Episode 285 – Stumbling Onto The Past

I was recently reading in an archived article from 2019 in The Guardian that “Monuments of remembrance are ubiquitous in Berlin. The city has at least 20 memorials to victims of the Holocaust – most notably Peter Eisenman’s vast 19,000-sq metre Memorial to the Murdered Jews of Europe.”

That memorial is an incredibly impactful one that we visited in 2016, and will likely revisit this month, but today we experienced a much different kind of memorial.

Stolpersteine, which translates as “stumbling stones”, is a project first conceived by artist Gunter Demnig in Cologne in 1992 as part of an initiative commemorating Roma and Sinti victims of the Holocaust. He installed the first Berlin Stolperstein four years later in 1996. Each stone commemorates an individual who was persecuted by the Nazis between 1933 and 1945. As Abby, one of my literary acquaintances, said, “Memory is a form of [retroactive] justice.”

Here lived
Born Friedländer
circa 1886
Deported 15.6.1944
Died 26.3.1945

Stolpersteine are 10x10cm concrete blocks which are laid into the pavement in front of the last freely chosen place of residence of victims of the Nazis. Each block is topped with a brass plate into which the residents’ names and fate are engraved. By 2019 there had been more than 70,000 stolpersteine laid in more than 1,200 cities and towns across Europe and Russia, constituting the largest decentralised monument in the world. Now there are more than 90,000.

The project is ongoing as new information comes to light, with stones being placed for “Jews, Sinti and Roma, people from the political or religious resistance, victims of the euthanasia murders, homosexuals, Jehovahs Witnesses and for people who were persecuted for being declared to be „asocial“.” Stones are only placed after any remaining members of the victim’s family agree to allow it.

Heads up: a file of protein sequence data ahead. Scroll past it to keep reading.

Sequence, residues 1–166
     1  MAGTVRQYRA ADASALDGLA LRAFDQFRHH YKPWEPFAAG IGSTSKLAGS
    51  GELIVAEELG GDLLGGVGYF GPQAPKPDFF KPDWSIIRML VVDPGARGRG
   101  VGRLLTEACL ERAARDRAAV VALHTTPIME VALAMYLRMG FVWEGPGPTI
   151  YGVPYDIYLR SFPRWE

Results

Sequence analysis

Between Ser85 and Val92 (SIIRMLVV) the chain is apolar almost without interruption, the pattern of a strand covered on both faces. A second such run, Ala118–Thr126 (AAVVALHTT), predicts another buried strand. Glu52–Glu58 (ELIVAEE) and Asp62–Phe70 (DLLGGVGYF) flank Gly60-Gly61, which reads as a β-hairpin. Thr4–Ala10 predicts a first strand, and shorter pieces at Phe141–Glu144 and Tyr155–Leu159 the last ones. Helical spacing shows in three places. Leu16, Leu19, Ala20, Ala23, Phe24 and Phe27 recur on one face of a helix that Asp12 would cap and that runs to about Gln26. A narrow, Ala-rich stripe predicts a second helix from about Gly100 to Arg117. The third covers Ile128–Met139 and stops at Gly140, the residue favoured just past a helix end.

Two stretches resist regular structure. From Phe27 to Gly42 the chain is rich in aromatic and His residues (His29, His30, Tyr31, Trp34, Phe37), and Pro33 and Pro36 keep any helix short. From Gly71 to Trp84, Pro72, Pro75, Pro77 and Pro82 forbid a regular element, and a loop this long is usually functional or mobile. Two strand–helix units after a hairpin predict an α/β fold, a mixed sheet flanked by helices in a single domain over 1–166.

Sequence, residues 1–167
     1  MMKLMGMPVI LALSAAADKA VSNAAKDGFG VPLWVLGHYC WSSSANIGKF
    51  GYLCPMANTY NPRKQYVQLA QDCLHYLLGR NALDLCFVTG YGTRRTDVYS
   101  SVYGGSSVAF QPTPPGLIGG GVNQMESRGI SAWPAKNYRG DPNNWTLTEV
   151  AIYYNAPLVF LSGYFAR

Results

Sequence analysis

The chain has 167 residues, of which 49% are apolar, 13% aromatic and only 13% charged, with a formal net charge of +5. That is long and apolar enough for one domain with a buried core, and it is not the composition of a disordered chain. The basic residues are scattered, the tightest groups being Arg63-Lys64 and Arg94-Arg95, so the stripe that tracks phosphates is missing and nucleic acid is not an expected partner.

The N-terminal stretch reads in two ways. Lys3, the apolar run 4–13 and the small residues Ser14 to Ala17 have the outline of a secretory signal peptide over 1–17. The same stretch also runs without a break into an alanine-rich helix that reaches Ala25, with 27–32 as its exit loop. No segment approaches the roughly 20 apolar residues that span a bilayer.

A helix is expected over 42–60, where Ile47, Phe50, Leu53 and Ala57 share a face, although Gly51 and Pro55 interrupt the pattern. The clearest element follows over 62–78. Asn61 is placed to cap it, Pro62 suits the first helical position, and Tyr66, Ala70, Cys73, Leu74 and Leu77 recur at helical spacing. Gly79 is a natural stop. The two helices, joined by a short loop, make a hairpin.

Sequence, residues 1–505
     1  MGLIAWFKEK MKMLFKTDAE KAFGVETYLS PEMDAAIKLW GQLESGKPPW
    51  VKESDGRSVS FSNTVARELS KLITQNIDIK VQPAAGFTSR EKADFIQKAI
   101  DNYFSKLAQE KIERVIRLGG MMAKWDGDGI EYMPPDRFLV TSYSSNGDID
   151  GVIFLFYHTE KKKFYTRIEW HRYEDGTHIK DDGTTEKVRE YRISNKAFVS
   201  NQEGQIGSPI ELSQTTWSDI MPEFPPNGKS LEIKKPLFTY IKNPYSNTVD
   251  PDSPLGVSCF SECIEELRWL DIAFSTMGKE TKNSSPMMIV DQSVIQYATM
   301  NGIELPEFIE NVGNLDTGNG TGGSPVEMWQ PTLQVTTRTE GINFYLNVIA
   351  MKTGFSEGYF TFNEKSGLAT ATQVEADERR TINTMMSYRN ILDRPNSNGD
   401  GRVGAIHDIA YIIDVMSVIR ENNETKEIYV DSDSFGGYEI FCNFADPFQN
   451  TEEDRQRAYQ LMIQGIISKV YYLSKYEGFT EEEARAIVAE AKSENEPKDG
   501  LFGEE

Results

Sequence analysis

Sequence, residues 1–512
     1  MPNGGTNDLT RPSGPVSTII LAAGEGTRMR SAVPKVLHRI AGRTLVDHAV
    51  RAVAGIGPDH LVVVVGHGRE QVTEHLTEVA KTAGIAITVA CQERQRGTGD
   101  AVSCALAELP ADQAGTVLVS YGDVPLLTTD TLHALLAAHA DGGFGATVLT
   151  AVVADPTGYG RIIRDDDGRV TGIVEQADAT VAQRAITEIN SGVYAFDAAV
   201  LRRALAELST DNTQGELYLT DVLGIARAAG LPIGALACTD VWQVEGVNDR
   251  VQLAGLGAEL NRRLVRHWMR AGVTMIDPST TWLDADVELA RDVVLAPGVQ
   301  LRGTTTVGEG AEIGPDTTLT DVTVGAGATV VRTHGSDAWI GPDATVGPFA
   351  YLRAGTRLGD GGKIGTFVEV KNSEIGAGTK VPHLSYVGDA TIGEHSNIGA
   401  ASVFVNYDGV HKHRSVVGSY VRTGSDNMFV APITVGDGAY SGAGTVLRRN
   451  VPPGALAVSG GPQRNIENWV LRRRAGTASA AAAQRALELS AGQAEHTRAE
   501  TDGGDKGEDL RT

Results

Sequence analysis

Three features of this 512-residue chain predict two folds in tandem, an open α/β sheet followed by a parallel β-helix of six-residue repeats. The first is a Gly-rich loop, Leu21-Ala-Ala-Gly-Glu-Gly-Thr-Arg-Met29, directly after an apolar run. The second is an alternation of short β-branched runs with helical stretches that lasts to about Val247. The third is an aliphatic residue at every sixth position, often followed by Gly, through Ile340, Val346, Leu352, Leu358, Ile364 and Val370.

One of the most moving statements for me from the 2019 Guardian article was “For Michael Friedrichs-Friedländer, 69, the craftsman who makes each Stolperstein, [any] criticism of the project is unwarranted. “I can’t think of a better form of remembrance,” he says. “If you want to read the stone, you must bow before the victim.”

Berlin’s Stolpersteine project has its own website which includes an interactive map. Finding Stolpersteine | Stolpersteine in Berlin

The interactive map (overview above) of where the stones are located in the greater Berlin area (8745 of them so far, with 935 in the borough of Mitte alone ) allowed us to zoom in and find Ella Karma’s stone right around the corner from us at 24 Albrechtstraße.

Just imagine what a wonderful world we could have if we only honoured other’s uniquenesses during their lifetimes. Hopefully meaningful memorials like stolpersteine will serve as a reminder not to repeat the past.

ADDENDUM: I read after initially posting this that one should say the name of the person when coming upon a stone, since in Jewish tradition a person dies twice: once when their heart stops beating, and again when there is no one left who says their name. We searched out several more stones and read them out loud.